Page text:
3. If necessary, in the Manage list, click Excel Add-ins. When Excel Add-ins appears in the Manage box, click Go.

4. In the Add-Ins dialog box, select the Solver Add-in check box.

5. Click OK.

To open the Solver Parameters dialog box

1. On the Data tab, in the Analyze group, click Solver.

To identify the objective cell of a model

1. Click Solver.

2. In the Solver Parameters dialog box, click in the Set Objective box.

3. Click the cell that includes the formula you want to optimize.

To specify the type of result your Solver model should return

1. In the Solver Parameters dialog box, do any of the following:

• Select Max to maximize the objective cell’s value.

• Select Min to minimize the objective cell’s value.

• Select Value Of and enter the target value in the box to the right to generate a specific result.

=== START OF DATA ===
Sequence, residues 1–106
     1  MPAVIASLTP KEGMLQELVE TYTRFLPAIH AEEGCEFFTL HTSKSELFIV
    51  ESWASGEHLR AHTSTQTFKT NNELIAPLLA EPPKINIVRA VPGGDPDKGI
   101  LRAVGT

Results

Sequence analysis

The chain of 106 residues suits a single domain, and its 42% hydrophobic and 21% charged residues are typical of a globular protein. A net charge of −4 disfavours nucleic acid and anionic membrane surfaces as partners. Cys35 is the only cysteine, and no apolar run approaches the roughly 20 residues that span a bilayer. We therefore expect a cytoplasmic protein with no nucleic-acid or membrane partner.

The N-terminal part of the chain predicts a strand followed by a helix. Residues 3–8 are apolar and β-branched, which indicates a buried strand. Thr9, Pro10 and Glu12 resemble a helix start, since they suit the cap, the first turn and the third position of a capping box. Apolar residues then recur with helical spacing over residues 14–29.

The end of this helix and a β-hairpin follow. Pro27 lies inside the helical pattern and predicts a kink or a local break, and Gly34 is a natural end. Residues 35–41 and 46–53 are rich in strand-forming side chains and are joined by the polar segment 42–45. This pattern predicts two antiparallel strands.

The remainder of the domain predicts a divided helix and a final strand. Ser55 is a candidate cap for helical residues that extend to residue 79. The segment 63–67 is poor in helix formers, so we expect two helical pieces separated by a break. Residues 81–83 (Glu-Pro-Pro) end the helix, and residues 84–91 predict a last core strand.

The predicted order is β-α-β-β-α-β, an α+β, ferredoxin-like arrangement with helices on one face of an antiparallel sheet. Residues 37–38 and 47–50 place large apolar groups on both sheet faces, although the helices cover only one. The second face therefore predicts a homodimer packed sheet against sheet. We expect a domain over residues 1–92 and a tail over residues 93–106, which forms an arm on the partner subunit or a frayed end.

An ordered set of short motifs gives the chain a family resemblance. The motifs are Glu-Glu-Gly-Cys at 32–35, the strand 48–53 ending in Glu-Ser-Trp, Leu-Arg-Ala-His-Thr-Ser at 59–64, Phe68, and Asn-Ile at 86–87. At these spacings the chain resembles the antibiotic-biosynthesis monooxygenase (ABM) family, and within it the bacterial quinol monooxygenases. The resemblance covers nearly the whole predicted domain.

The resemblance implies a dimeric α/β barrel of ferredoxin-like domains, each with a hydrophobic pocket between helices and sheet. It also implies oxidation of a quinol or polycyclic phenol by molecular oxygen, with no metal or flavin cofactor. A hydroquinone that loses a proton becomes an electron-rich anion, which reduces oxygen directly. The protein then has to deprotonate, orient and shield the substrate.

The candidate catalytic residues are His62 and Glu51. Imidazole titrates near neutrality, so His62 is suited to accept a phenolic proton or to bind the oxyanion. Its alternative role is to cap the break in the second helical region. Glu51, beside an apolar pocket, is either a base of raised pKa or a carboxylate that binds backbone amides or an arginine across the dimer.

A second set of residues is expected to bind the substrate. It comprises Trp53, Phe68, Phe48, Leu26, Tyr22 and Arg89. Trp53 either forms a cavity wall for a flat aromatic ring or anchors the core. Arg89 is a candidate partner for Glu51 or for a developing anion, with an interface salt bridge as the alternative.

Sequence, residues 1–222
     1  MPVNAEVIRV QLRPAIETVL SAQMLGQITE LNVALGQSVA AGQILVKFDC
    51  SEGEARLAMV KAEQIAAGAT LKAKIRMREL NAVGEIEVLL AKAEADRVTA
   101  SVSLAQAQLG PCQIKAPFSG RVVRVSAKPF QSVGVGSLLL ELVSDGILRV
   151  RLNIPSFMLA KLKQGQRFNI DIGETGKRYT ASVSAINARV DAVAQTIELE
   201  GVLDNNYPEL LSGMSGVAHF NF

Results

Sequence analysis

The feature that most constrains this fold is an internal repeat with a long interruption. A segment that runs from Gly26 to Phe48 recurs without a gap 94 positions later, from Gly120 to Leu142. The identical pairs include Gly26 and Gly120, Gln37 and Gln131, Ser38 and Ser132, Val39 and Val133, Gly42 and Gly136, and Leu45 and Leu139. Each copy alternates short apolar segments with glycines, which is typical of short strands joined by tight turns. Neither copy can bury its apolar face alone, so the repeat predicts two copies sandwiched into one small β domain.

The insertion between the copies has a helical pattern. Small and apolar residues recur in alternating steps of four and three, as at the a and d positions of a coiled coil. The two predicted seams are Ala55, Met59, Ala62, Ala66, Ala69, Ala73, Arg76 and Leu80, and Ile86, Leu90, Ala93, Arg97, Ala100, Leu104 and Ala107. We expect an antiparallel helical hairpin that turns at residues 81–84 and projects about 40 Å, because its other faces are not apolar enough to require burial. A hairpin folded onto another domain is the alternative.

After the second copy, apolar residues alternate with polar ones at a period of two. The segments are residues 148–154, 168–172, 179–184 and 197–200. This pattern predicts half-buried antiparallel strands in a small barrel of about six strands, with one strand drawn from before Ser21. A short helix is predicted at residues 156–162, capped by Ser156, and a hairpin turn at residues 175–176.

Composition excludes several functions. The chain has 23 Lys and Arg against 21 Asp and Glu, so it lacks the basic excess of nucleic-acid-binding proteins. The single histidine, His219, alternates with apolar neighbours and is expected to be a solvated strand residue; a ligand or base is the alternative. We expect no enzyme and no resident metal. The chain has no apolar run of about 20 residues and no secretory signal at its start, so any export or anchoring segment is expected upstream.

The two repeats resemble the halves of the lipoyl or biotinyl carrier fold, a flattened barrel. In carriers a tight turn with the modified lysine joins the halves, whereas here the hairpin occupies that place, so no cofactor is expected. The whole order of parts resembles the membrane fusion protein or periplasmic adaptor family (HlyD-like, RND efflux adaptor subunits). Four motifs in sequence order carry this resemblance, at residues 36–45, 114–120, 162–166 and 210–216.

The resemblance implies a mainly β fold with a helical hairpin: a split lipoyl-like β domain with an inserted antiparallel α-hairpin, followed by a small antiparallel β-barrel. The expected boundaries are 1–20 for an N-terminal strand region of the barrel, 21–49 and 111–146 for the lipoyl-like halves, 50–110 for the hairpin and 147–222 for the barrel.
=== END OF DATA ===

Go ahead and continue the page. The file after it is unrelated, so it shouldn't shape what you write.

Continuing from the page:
To identify the cells with values that can be changed

1. In the Solver Parameters dialog box, click in the By Changing Variable Cells box.

2. Select the cells you will allow Solver to change to generate a solution.

Identify the cells Solver can change to find a solution

1. In the Solver Parameters dialog box, click Add.

2. In the Add Constraint dialog box, in the Cell Reference box, identify the cells to which you want to apply the constraint.

3. In the middle list box, click the arrow, and then click the type of constraint you want to apply.

4. Click in the Constraint box and do either of the following:

• Enter the address of the cell that contains the constraint’s comparison value.

• Select the cell that contains the constraint’s comparison value.

5. Click Add to create a new constraint.

Or

Click OK to close the Add Constraint dialog box.

To require a value to be a binary number (0 or 1)

1. In the Add Constraint dialog box, in the Cell Reference box, identify the cells to which you want to apply the constraint.